Colorado Springs, Colo. – The earliest known surviving American Numismatic Association membership certificate, dated July 1, 1894, has been acquired by California real estate developer and long-time coin collector, Dwight Manley, and donated to the ANA. Manley’s donation also includes 16 other documents and materials dating back to the early years of the association that was founded in 1891 by Dr. George F. Heath of Monroe, Mich.
The items were purchased by Manley in the Oct. 6, 2012 auction conducted by David Sklow Fine Numismatic Books. The 6-by-9 inch ANA certificate of membership was described by Sklow as “possibly the rarest piece of history from the American Numismatic Association’s very early years.”
Manley requested that the certificate be displayed in the ANA library so that visitors to the association’s headquarters can see it. In 2003, the library was named in Manley’s honor in recognition of his life-long dedication to and financial support of the association.
“I’m a huge fan of the ANA and all that it stands for. I was both fortunate and amazed to able to buy these items that even the ANA didn’t have in their possession. I feel the best place for these unique, historic pieces of numismatica is in the ANA library where their beauty and romance can be enjoyed,” said Manley.
The 1894 ANA membership certificate was originally sent to Joseph Potichke of Massachusetts, and it reads: “Membership No. 196. Waltham, Mass. July 1, 1894. This is to certify, that, Mr. Joseph M. Potichke, was admitted to membership in the American Numismatic Association on the first day of July 1894. In witness whereof we have set our hand and seal.”
It is signed by then-ANA President Heath and ANA Secretary O.W. Page with a red wax seal affixed to the paper next to their signatures.
Manley also acquired from the auction and donated a brief letter handwritten by Page to Potichke, dated May 28, 1894 acknowledging his membership application. It was written on the only known surviving example of early ANA letterhead stationery that lists Board of Officers and Board of Trustees members in 1894. There are also two receipts to Potichke signed by Page for 50 cents in dues and a 50-cent initiation fee.
“I have never seen another of these early membership certificates, and that includes the archives of the ANA itself,” said Sklow, who serves as the ANA Secretary and Historian. “The certificate is a remarkable item, possibly unique, and a truly rare piece of ANA history. Coupled with the letter from Secretary Page and the two receipts it makes a complete accounting of Mr. Potichke joining the ANA 118 years ago when the ANA had not yet achieved its third birthday.”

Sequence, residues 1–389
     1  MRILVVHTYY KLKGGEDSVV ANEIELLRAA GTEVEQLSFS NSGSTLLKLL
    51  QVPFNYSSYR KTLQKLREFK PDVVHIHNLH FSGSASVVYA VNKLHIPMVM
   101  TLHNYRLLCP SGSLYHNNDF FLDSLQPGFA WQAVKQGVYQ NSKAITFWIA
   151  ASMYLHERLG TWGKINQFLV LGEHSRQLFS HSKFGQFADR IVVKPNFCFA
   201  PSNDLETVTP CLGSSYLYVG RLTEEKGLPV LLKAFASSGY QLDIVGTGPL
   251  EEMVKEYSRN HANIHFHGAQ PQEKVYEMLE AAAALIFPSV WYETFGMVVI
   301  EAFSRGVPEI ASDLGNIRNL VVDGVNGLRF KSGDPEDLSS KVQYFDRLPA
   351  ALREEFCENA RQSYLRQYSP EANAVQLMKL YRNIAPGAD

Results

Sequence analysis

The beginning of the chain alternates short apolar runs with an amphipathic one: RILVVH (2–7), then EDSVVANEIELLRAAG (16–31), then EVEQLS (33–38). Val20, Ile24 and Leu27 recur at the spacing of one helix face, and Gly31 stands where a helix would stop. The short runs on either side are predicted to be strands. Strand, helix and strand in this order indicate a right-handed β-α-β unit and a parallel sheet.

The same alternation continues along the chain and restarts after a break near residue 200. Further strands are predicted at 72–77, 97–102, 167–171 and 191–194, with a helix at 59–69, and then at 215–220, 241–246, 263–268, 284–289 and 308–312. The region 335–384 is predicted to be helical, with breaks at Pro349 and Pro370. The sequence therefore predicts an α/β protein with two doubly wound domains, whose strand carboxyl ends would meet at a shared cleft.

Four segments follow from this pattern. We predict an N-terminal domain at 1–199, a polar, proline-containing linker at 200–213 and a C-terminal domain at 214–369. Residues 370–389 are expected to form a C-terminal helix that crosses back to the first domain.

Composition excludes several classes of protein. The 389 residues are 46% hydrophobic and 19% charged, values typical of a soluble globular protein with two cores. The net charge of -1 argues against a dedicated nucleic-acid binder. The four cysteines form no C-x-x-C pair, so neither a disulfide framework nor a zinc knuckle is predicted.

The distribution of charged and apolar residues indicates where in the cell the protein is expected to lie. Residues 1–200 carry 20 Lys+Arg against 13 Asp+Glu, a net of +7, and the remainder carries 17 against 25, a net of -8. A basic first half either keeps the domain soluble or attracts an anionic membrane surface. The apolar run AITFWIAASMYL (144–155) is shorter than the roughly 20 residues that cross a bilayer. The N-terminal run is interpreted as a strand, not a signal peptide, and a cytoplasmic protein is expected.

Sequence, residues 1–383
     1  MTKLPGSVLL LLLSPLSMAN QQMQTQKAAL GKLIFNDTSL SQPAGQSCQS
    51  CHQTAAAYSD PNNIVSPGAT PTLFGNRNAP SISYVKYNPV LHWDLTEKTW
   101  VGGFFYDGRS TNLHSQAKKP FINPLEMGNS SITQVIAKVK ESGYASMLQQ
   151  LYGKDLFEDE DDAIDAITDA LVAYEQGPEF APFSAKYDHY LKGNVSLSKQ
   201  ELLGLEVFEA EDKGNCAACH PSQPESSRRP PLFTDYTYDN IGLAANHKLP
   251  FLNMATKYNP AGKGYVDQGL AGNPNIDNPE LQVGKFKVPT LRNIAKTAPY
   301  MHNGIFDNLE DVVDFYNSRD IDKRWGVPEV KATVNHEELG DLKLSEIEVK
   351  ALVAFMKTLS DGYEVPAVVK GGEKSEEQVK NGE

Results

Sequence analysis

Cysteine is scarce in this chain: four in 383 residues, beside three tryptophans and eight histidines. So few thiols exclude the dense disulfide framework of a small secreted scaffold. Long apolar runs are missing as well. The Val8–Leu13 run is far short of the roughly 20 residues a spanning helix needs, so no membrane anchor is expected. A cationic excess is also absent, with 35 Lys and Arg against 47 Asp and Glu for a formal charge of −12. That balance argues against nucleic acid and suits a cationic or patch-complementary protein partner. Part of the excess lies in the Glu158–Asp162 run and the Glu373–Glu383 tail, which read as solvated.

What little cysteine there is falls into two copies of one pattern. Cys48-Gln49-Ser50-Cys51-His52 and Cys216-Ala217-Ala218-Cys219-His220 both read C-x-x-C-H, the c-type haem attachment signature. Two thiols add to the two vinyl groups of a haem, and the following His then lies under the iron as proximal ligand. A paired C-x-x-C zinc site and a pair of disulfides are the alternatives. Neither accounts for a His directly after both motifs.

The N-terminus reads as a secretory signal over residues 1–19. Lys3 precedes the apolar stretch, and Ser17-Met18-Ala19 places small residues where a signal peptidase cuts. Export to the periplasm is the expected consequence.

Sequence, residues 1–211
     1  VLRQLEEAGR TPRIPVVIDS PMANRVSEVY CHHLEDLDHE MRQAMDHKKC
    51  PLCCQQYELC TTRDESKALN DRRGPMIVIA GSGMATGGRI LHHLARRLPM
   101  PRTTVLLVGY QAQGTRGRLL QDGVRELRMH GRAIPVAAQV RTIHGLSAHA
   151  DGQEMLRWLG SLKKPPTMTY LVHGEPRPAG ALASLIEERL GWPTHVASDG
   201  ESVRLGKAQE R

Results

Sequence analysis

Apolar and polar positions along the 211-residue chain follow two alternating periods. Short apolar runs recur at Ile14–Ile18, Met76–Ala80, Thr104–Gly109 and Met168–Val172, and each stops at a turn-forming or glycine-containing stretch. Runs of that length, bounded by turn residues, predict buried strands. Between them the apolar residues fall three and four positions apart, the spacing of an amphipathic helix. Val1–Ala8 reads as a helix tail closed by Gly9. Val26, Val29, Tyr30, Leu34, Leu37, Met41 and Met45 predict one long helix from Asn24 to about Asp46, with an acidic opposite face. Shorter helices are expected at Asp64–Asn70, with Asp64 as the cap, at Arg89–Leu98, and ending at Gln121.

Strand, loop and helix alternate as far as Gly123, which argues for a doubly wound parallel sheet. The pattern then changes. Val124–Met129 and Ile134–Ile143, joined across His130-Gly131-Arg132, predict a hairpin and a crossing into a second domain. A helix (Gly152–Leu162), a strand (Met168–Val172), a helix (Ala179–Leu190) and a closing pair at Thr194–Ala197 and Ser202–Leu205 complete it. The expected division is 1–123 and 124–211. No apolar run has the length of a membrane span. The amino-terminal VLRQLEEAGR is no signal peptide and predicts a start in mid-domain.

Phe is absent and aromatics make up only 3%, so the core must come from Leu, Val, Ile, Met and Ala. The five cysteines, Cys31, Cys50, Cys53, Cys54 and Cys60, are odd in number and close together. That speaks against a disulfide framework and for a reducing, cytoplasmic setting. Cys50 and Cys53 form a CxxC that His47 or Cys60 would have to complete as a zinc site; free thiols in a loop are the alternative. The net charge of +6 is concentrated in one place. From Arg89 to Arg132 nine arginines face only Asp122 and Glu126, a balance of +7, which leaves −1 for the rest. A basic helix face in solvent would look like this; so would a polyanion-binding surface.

In 1899, Dr. Heath reassigned membership numbers, and Potichke’s was changed from 196 to 72.
“This is a continuation of a number of significant donations made to the ANA by Dwight Manley. He’s made major donations to the Florence Schook School of Numismatics, to the ANA library’s renovation, and even donated the oldest illustrated numismatic book, which is now housed in the library’s rare book room,” said ANA Executive Director Jeff Shevlin. “His continued support and significant contributions help the ANA to keep strengthening the hobby.”
The American Numismatic Association’s Dwight N. Manley Library is the world’s largest numismatic lending library with more than 100,000 books, auction catalogs, periodicals, videos, DVDs and slide sets. It is located at ANA headquarters, 818 N. Cascade Ave., in Colorado Springs, Colo., and is open to the public from 10:30 a.m. to 5:30 p.m. Tuesday through Saturday. Additional information is available by email at [email protected] and on the ANA web site, www.money.org.
The American Numismatic Association is a congressionally chartered nonprofit educational organization dedicated to encouraging people to study and collect money and related items. The ANA helps its 28,000 members and the public discover and explore the world of money through its vast array of education and outreach programs, as well as its museum, library, publications, conventions and seminars. For more information, call 719-632-2646 or go to www.money.org.